THIS TWEET CONTAINS A FULL PLAYABLE GAME ON TWITTERDate: 2018-08-06
This tweet contains an entirely playable retro-style arcade game, and it actually works.
A 280-character tweet might not seem like a lot of space, but if you are creative enough, it is actually just enough to program a playable video game.
This was the challenge for the security engineer, Alok Menghrajani, and he managed to squeeze a CD-ROM holding retro-style game into the space of a single tweet. After two weekends he had successfully coded the video game that can be booted up in a virtual machine, or burned onto a physical disk.
The game, Menghrajani told Motherboard, is kind of like a cross between Tron and Snake.
perl -E 'say"A"x46422,"BDRDAwMQFFTCBUT1JJVE8gU1BFQ0lGSUNBVElPTg","A"x54,"Ew","A"x2634,"/0NEMDAxAQ","A"x2721,"BAAAAYQ","A"x30,"SVVVqogAAAAAAAEAF","A"x2676,"LMBaACgB76gfbgTAM0Qv8D4uYAI86qqgcc+AXP45GA8SHIRPFB3DTeYSEhyBSwCa8CwicMB3rSGtkDNFSYwJHvc68MA","VapVqlWq"x330'|base64 -D>cd.iso— alokmenghrajani (@alokmenghrajani) June 15, 2018
The Square employee has also managed to fit an entire bootable floppy disk containing a video game into a 140-character tweet. The current game takes advantage of Twitter's recent double character limit, which allows him to create a CD-ROM-compatible game in 277 characters. He says that the inspiration came after researching the CD format at work and realizing that he could actually program functions with minimal characters.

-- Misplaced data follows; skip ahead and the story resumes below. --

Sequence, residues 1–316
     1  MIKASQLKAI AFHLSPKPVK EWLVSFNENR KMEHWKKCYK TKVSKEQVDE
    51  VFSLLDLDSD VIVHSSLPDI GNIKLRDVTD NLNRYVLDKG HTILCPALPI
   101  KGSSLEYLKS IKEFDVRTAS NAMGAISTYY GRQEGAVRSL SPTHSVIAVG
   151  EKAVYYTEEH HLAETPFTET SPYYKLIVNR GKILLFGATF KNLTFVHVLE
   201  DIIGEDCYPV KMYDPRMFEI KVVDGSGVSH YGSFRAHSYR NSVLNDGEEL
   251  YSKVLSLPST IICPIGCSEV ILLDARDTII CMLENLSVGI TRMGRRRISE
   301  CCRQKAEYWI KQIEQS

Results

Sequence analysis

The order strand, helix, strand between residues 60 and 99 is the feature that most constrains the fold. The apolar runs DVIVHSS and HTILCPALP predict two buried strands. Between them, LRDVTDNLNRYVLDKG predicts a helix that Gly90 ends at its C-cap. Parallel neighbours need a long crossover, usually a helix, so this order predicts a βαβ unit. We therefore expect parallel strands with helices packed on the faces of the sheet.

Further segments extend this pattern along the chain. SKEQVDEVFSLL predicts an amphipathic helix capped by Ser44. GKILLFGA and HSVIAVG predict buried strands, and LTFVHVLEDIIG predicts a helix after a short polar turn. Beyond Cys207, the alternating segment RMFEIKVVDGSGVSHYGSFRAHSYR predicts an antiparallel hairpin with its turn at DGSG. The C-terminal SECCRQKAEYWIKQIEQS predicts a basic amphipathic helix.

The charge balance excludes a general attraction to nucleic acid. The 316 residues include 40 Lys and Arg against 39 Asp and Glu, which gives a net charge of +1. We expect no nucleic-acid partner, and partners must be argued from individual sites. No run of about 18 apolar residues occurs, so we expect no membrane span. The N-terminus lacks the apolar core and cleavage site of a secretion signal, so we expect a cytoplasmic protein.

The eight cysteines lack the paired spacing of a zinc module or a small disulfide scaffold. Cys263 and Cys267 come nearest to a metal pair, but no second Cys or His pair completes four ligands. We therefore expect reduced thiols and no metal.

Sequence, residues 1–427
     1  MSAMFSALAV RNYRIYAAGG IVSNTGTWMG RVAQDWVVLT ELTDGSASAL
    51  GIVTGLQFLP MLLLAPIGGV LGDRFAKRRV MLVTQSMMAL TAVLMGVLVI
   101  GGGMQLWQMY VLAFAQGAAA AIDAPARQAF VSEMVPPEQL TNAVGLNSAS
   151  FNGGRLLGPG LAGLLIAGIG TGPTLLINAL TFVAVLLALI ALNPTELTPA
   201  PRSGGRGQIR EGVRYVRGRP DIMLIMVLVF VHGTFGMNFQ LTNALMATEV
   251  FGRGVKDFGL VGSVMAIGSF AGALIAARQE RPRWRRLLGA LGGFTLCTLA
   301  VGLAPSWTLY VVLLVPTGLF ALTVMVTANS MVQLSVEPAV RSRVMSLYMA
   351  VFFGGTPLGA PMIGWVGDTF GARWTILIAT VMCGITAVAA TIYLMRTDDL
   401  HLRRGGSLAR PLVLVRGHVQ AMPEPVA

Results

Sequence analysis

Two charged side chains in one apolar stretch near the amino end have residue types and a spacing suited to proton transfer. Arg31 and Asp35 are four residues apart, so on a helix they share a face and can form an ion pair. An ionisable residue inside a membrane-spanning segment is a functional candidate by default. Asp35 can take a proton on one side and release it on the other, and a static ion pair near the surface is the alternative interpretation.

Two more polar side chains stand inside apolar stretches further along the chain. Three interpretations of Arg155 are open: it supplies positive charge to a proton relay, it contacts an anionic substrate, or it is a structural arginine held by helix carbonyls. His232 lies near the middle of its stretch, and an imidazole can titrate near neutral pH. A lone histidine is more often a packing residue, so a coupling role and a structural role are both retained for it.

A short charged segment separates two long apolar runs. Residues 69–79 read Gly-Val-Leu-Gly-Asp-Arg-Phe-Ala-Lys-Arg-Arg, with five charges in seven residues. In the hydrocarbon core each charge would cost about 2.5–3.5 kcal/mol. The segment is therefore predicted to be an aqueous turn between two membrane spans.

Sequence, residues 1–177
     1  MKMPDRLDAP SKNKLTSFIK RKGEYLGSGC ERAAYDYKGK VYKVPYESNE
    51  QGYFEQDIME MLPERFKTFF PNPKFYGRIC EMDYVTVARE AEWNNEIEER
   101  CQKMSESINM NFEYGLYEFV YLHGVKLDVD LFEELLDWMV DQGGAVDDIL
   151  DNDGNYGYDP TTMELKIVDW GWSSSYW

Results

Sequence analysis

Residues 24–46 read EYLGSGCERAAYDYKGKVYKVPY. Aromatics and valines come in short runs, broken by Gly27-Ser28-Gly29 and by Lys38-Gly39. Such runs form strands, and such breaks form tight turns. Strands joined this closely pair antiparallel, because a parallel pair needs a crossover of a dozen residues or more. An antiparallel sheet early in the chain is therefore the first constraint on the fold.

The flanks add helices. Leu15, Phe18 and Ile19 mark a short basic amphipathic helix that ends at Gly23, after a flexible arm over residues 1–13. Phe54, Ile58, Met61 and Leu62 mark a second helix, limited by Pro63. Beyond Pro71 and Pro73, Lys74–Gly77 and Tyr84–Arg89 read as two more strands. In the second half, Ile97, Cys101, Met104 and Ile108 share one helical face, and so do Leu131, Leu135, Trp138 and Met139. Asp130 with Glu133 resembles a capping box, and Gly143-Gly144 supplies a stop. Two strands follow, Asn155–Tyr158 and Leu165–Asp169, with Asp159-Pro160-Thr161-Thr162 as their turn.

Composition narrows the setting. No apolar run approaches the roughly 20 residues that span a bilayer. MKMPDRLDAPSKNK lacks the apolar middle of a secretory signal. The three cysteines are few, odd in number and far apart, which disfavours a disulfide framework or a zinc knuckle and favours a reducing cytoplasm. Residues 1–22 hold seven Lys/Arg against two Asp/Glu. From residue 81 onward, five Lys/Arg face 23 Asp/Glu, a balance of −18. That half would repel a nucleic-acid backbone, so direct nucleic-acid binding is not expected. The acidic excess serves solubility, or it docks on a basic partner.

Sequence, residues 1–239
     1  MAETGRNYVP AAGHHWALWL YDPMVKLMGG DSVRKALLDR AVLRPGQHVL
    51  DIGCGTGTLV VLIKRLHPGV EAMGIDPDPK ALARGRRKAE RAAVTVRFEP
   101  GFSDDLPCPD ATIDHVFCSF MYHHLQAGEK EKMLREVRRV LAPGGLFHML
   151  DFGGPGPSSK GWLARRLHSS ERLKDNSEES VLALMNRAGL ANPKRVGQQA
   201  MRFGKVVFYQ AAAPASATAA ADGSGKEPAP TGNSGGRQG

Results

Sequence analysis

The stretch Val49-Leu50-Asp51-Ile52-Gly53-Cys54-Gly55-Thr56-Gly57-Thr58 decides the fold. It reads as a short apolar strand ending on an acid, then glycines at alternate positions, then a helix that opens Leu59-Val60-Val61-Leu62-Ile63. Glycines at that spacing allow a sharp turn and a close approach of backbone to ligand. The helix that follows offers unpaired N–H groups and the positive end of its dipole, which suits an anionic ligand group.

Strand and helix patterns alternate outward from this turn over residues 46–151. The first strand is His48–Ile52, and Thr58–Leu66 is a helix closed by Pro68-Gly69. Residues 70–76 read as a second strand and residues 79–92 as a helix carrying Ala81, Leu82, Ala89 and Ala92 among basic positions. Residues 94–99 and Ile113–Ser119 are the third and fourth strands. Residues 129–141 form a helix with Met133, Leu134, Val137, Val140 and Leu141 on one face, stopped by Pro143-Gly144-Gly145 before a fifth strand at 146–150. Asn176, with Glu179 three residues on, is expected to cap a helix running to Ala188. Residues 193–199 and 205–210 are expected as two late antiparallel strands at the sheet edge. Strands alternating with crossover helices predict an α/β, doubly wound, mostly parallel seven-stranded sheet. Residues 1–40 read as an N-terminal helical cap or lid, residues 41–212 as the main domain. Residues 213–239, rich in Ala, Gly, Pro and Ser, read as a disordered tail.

For those out there that know how to programme, the process of cramming all of that code into this tiny space is known as "code golfing"; where people try to reach an objective, create a program, or even solve a puzzle in the fewest lines of code as possible (or in this case, the least amount of characters). The golfing namesake draws from the sport, where the fewest number of strokes (or keystrokes, in this case) "wins."
"I find it relaxing," Menghrajani said. "It’s a way to meditate for me." You can try his game here, assuming you still have a computer that can load a CD or a floppy disk.